Sunday, November 1, 2009
Now for our soccer vs. running research study review…from those crazy scientists in Copenhagen, Denmark…
British Journal of Sports Medicine 2009;43:825-831. “Recreational soccer is an effective health-promoting activity for untrained men”
36 healthy untrained Danish men aged 20–43 years were randomised into a soccer group (SO; n = 13), a running group (RU; n = 12) and a control group (CO; n = 11).
Training was performed for 1 h two or three times per week for 12 weeks; at an average heart rate of 82% (SEM 2%) and 82% (1%) of HRmax for SO and RU, respectively.
During the 12 week period, maximal oxygen uptake increased (p<0.05) by 13% (3%) and 8% (3%) in SO and RU, respectively. So both groups increased their VO2max. And both groups reduced their blood pressure.
The soccer group lost slightly more fat, but this was not significantly different between groups (2.7 kg for soccer vs. 1.8 kg for the runners).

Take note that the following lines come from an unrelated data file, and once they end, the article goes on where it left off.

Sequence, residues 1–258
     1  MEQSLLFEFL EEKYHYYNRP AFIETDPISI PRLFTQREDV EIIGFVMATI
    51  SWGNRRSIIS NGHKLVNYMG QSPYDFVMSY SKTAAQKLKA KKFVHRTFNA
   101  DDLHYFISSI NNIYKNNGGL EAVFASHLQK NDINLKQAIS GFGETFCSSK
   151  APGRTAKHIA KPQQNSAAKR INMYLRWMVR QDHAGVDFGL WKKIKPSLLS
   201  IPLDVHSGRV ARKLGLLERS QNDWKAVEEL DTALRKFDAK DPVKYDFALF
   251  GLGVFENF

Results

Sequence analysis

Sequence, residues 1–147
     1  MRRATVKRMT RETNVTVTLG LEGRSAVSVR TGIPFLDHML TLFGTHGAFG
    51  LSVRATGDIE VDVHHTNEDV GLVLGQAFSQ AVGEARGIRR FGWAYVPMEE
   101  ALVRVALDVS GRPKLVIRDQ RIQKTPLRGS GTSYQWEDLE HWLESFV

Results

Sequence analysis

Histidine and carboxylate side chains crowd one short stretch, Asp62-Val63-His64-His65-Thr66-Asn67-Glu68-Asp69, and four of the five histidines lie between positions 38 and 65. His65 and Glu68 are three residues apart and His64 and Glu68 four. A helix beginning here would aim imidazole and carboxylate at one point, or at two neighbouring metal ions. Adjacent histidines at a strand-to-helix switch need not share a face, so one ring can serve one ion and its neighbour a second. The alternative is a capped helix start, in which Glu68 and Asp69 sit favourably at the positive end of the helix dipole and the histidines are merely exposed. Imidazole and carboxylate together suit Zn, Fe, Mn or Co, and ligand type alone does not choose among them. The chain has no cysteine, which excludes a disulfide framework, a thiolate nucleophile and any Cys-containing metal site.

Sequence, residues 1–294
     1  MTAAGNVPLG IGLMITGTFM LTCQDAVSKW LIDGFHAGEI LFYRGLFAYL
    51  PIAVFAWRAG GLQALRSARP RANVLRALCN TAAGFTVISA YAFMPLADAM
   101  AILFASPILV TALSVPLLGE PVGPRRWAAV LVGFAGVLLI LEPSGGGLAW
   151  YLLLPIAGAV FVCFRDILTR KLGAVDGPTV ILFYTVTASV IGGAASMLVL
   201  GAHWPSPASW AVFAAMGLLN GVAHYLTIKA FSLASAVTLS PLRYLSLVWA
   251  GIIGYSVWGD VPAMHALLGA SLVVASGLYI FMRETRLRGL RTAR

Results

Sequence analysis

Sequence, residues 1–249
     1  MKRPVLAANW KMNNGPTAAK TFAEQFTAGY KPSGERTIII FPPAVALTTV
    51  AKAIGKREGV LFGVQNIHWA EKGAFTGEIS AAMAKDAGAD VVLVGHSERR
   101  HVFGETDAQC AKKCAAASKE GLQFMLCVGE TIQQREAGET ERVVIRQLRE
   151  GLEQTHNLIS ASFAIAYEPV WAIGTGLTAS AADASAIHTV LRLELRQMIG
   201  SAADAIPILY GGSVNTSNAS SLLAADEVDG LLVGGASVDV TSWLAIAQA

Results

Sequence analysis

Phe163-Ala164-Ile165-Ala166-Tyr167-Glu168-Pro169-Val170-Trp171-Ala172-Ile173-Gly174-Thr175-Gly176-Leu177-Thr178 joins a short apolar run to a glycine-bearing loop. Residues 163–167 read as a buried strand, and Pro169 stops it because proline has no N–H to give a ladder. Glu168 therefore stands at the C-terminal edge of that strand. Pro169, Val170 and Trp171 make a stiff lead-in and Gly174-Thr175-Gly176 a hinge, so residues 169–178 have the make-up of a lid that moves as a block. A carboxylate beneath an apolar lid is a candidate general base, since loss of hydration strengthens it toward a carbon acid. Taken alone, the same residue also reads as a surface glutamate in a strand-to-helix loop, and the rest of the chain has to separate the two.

Only the soccer players had…
- an increase in lean body mass (1.7 kg)
- an increase in lower extremity bone mass
- a decrease in LDL-cholesterol
- an increase (p<0.05) in fat oxidation during running at 9.5 km/h
The scientists conclude…”participation in regular recreational soccer training, organised as small-sided drills, has significant beneficial effects on health profile and physical capacity for untrained men, and in some aspects it is superior to frequent moderate-intensity running.”
So again, science suggests intense exercise beats traditional boring cardio.
But REMEMBER - if you eat “recreationally” (i.e. 1500 calories of wings, pizza, and beer) after you play soccer or hockey, you won’t lose fat. So don’t ignore your diet…see the tips below to lose fat with nutrition.